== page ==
Lois Weber: Pioneer Progressive Filmmaker
April 1 - 29
With all due respect to Alice Guy-Blaché, Germaine Dulac, Leni Riefenstahl, Dorothy Arzner, and other distinguished pioneers, Lois Weber was the preeminent female filmmaker in the first half-century or so of film history. Bringing a strong sense of morality, gender issues, and social consciousness to her films, she reached a peak of success in the mid-1910s, when she was regarded on a par with D.W. Griffith and Cecil B. DeMille. Although her popularity began to decline in the late 1910s, she continued to develop as a filmmaker, bringing greater subtlety and sophistication to her work.
The 1910s represented an era of opportunity for women in Hollywood that would not be equaled until at least the 1970s. One factor was the enormous popularity of female movie stars, who often had the clout to form their own production companies (Mary Pickford even co-founded a major studio, United Artists!). Another was the less hierarchical and compartmentalized structure of the film industry, which made it easier for women to cross over into directing from other fields, such as acting and screenwriting.
A third factor was the fear struck into the movie industry by censorship forces, culminating in the landmark Mutual Decision of 1915, which denied movies First Amendment protection. By the conventions of the day, women were considered the guardians of morality for society at large and therefore capable of providing "moral uplift" of the sort that Hollywood badly needed to spruce up its image.
When it came to moral uplift, no one had stronger, more iron-clad credentials than Lois Weber. Weber (1879-1939) came from a devoutly religious "Pennsylvania Dutch" family. As a young woman, she joined an evangelical organization called the Church Army Workers, preaching and singing hymns on street corners, and also working with prostitutes and other disadvantaged women.
After an unsuccessful attempt at a musical career, Weber went into the theater as an actress. Shortly afterward, she met actor and stage manager Phillips Smalley. They married and become professional partners, working closely together on plays and films (with Smalley often taking co-director credit), until their marriage fell apart in 1922. The nature of their collaboration has been a matter of scholarly debate, marked by an increasing tendency to see Weber as the dominant partner (at least professionally), and Smalley’s contributions to their films as being more or less supplemental.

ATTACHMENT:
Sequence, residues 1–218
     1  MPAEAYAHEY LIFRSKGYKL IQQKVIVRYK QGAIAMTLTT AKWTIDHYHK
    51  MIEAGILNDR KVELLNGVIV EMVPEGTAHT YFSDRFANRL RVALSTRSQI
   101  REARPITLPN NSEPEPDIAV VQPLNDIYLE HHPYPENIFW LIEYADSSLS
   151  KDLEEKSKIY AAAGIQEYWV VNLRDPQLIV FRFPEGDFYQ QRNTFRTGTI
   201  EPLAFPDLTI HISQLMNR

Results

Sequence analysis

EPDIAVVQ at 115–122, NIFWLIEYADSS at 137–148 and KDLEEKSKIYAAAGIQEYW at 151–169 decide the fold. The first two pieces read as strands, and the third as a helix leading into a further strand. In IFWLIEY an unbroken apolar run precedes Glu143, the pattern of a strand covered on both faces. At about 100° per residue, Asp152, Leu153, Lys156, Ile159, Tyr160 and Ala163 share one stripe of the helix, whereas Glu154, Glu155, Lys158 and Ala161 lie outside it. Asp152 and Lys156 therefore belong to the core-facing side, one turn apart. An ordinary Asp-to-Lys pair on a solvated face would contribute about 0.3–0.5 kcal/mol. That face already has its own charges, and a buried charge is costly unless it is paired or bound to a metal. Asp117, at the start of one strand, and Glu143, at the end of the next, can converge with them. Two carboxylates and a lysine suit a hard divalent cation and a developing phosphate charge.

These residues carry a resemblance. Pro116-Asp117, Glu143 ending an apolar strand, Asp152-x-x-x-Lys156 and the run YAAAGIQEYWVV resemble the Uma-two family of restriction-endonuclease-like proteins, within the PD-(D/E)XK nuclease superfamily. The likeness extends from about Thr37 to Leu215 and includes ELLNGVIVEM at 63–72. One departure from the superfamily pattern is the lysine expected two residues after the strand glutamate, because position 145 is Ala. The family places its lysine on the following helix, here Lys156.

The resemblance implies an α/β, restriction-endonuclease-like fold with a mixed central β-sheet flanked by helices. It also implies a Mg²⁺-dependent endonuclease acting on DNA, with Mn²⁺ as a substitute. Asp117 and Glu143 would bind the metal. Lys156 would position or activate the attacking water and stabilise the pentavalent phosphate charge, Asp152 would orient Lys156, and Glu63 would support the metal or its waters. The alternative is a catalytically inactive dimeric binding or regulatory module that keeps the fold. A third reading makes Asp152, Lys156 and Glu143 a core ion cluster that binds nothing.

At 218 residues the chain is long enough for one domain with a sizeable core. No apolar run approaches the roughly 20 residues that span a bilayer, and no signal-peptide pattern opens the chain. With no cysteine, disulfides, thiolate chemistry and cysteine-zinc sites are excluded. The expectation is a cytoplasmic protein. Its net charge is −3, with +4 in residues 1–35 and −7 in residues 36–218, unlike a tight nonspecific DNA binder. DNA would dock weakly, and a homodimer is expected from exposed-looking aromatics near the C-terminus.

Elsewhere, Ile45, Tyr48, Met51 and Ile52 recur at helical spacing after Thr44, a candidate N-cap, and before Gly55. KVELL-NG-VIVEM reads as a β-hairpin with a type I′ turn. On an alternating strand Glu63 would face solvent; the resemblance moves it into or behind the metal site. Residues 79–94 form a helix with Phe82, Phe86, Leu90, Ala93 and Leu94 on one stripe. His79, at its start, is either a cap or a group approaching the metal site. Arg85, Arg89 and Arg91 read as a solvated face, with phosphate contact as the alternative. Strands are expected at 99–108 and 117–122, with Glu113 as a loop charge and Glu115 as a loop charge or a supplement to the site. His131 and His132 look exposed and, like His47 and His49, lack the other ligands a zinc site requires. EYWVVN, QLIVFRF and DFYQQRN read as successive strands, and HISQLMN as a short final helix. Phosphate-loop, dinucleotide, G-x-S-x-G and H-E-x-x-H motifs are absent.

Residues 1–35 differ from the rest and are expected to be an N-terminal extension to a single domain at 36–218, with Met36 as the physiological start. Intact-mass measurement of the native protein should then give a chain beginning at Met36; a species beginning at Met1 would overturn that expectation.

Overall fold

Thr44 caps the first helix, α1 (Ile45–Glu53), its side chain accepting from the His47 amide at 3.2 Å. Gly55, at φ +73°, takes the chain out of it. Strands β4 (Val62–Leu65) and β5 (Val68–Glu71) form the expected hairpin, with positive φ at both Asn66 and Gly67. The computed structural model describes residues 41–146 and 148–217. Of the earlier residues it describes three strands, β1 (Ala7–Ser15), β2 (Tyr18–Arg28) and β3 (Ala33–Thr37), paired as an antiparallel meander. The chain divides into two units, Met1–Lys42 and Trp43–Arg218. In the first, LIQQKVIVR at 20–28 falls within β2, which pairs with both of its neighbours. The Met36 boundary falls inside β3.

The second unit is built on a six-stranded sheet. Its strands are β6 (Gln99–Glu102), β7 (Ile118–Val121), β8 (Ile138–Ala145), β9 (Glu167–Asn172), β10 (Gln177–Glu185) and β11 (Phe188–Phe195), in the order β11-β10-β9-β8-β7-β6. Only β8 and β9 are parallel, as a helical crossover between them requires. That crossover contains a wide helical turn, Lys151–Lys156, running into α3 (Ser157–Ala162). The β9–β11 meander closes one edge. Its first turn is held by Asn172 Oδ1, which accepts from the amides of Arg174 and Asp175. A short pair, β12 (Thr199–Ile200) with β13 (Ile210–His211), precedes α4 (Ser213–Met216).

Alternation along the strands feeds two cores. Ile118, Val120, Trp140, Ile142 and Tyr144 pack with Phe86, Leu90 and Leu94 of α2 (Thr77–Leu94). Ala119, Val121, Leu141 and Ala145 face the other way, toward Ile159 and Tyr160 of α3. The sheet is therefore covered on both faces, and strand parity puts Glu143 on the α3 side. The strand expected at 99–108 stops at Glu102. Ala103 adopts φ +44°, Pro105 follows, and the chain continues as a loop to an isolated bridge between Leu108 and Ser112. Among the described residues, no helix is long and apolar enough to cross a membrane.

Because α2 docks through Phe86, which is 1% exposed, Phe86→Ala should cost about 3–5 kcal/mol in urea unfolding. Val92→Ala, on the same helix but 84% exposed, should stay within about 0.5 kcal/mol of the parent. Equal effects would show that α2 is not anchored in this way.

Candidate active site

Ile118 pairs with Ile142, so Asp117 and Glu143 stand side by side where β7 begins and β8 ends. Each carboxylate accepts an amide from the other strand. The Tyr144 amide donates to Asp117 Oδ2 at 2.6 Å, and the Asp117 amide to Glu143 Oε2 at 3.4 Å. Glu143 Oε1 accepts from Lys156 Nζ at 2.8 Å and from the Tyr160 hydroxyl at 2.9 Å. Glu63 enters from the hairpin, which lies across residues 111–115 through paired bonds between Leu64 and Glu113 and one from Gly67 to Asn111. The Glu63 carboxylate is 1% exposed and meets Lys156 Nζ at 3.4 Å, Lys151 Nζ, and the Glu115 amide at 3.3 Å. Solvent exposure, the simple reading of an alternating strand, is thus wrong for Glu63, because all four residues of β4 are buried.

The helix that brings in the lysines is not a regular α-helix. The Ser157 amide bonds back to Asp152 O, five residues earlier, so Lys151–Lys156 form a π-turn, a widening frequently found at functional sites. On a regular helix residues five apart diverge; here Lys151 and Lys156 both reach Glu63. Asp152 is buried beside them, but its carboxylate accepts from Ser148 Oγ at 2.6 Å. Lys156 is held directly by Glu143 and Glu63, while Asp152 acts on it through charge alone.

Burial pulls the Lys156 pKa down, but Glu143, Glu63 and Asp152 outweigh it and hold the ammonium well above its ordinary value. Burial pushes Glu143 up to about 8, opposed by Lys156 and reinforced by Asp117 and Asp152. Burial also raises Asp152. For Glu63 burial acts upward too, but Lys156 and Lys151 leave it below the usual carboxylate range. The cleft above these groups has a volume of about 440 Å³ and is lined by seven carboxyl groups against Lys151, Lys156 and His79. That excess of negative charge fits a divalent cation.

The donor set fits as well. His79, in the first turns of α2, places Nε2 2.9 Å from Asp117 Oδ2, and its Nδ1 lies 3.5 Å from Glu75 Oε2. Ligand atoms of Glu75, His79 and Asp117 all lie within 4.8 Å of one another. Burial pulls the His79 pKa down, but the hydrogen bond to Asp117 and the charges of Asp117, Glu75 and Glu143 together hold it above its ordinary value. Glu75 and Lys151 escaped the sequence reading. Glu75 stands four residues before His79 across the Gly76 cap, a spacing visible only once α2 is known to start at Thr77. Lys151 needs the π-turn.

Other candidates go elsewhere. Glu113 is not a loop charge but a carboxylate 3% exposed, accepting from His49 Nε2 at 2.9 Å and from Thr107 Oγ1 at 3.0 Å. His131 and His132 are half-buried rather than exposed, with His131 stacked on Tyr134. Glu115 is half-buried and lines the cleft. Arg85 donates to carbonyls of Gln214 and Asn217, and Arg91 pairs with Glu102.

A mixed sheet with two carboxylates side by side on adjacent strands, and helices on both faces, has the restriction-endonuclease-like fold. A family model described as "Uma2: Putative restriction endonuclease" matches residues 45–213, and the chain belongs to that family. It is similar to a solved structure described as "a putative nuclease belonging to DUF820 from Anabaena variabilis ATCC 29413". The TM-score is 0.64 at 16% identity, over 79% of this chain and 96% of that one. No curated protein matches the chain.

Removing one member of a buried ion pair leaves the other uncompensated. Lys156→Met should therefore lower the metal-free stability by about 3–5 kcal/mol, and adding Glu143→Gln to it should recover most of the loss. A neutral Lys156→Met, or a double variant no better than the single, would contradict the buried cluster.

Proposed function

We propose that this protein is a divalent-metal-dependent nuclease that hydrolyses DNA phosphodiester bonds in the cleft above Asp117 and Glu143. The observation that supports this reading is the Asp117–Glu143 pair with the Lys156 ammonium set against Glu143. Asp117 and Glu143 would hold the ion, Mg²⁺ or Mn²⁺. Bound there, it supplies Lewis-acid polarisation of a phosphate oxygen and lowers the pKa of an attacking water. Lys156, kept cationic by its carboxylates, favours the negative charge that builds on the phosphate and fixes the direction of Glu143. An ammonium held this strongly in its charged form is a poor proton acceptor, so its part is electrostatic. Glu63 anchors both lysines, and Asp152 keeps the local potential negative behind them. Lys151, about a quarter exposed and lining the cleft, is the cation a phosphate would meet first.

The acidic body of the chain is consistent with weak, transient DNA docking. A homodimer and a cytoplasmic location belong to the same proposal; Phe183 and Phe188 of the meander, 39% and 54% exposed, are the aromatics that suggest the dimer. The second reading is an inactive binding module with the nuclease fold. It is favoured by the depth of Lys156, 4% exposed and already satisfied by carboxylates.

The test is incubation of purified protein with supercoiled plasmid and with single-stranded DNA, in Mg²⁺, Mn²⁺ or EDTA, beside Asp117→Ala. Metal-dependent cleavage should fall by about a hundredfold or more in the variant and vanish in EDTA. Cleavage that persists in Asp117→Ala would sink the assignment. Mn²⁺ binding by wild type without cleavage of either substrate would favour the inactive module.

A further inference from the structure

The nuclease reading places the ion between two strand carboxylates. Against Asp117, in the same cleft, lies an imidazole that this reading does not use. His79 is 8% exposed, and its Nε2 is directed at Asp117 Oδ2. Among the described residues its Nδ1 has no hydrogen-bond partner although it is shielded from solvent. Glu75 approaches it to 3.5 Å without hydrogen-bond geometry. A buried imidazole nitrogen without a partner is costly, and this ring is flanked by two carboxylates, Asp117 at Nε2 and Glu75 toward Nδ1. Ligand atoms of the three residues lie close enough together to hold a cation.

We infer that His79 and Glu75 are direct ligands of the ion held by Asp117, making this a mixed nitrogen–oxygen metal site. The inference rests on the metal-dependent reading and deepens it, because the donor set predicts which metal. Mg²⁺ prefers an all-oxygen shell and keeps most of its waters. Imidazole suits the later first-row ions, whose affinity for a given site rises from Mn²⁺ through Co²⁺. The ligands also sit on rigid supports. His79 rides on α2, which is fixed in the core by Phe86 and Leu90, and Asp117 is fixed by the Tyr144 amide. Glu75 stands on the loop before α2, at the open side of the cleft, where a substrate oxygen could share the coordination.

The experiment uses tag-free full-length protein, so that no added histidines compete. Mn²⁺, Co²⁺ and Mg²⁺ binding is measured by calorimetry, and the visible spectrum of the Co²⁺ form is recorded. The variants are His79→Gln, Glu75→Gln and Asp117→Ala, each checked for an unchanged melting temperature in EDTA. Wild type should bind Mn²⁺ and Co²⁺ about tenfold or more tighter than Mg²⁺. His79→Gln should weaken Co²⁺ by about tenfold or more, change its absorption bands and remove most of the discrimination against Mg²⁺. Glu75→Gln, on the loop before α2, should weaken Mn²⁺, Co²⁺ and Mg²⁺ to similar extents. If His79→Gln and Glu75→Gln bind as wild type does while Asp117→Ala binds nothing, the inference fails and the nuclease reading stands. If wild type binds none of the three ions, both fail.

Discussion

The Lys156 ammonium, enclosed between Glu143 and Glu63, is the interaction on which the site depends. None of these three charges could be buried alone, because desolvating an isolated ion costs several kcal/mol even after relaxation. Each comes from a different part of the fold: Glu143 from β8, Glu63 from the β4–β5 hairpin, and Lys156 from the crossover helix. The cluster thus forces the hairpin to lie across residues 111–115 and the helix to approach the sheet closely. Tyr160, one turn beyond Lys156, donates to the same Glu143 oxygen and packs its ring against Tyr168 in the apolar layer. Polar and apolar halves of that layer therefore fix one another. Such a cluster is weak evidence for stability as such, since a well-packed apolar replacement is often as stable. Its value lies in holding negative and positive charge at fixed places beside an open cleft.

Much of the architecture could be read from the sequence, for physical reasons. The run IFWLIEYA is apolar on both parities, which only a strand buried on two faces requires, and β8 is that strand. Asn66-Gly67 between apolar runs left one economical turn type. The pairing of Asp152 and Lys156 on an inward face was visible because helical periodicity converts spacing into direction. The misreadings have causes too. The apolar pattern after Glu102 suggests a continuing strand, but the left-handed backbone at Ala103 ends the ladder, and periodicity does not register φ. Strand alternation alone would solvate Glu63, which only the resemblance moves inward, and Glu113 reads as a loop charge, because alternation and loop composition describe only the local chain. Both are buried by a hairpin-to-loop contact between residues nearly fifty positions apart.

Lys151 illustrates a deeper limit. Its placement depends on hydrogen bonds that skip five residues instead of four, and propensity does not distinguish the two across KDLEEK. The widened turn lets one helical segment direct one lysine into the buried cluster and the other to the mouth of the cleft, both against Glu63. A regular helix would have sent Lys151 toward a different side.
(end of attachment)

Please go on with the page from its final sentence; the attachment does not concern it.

Weber started working in movies in 1911, first as an actress, then as an actress/screenwriter, then as an actress/screenwriter/director, with the acting component getting phased out around 1916. She came to prominence after 1915 with a series of feature films, made for Universal, that had strong social messages and tackled controversial topics, such as birth control, abortion, drug addiction, and capital punishment. Despite (or perhaps because of) the censorship controversies they aroused, these films (which Weber later jokingly referred to as her "heavy dinner" films) were very successful, both critically and commercially. In 1917, she formed her own studio, Lois Weber Productions, with the Lamp of Truth as its logo.
Weber saw her filmmaking as an extension of her earlier evangelical activities—“an opportunity to preach to the masses,” as she called it. In her later films, from the late 1910s and early 1920s, she toned down the didactic side and became a subtler filmmaker, with a lighter touch. However, by that time, Weber was starting to lose popularity, her Victorian/Progressive morality out-of-step with the advent of the Roaring Twenties. Her greatest film, THE BLOT (1921), was a product of this period; it was also a commercial failure and the last film made by Lois Weber Productions. The previously prolific Weber made only five films after 1921, the last being WHITE HEAT, her only talkie, filmed in Hawaii in 1934.
— Martin Rubin, Associate Director of Programming
Special thanks to Dennis Doros of Milestone Films, Josh Morrison of Flicker Alley, and Lynanne Schweighofer of the Library of Congress.